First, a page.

BBC announces 450 jobs will go in newsroom shake-up
News operation required to make annual savings of £80m
BBC head of news Fran Unsworth said the corporation needed to reduce its news output. Photograph: AFP via Getty
The BBC is to cut 450 jobs from its news operation while covering fewer stories, the corporation has told staff, as part of an effort to save £80 million (€95 million) from its budget.
Head of news Fran Unsworth made the announcement on Wednesday that journalists at the corporation would increasingly be pooled in centralised teams rather than working for specific programmes.
She said the corporation is currently covering around a hundred different news stories a day across all of its output and many of them are not reaching their intended audiences.
The news operation is required make £80 million a year of annual savings but is currently only halfway to its target, with Ms Unsworth warning that potential decriminalisation of the licence fee could result in further cuts.
“Producing fewer stories means we have to be a smaller organisation,” she told staff, emphasising that the BBC is under attack from changing media habits, claims of bias, and threats to its funding.
“Never in my career have I felt this organisation is quite under the threat that it currently is. There are many that believe that how we are funded is no longer appropriate when consumers seem to prefer to pay just for what they use.”
In addition to the already announced cuts to the Victoria Derbyshire show, Newsnight will lose a dozen posts, halve production of its in-depth films and reduce its spend on investigative journalism.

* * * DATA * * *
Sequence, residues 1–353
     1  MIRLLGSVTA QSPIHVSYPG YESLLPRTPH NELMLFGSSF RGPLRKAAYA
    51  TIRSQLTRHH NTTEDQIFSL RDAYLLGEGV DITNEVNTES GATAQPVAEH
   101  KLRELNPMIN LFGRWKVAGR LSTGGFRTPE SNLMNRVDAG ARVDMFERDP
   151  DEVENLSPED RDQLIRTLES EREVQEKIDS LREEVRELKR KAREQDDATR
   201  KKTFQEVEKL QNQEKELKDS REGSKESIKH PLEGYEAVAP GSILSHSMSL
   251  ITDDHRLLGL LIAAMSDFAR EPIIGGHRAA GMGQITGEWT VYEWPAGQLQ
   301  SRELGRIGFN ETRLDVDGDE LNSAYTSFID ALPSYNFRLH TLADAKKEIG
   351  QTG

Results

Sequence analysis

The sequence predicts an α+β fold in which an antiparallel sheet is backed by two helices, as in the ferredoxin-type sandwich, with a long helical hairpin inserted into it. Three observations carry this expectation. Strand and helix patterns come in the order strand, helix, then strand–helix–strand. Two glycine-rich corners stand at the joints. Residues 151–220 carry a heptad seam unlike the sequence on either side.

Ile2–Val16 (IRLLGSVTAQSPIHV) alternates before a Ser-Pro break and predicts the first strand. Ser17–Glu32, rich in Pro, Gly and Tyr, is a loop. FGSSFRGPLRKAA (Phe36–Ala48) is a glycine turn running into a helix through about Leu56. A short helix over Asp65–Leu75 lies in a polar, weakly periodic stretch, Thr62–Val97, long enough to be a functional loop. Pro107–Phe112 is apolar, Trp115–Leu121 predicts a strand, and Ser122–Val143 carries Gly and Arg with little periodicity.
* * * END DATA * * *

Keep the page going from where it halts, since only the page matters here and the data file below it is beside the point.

According to the National Union of Journalists a dozen jobs will go at 5Live while the sharing of radio bulletins across the BBC will result in a dozen further job losses.
There will also be an effort to reduce the number of on-screen news presenters, with five positions at risk.
Ms Unsworth told staff: “I do need to be honest with you: This organisation has to face up to the changing way that audiences are using us. We have to adapt. We need to create a modern newsroom that is built for the future and not for the past.”
Ms Unsworth said audiences to the traditional TV and radio stations is falling and the online audience is not making up the difference: “I understand why programmes want to make distinctive content simply for their audiences. But a modern newsroom needs to work smarter. We need to collaborate more and put the BBC News brand first.” – Guardian service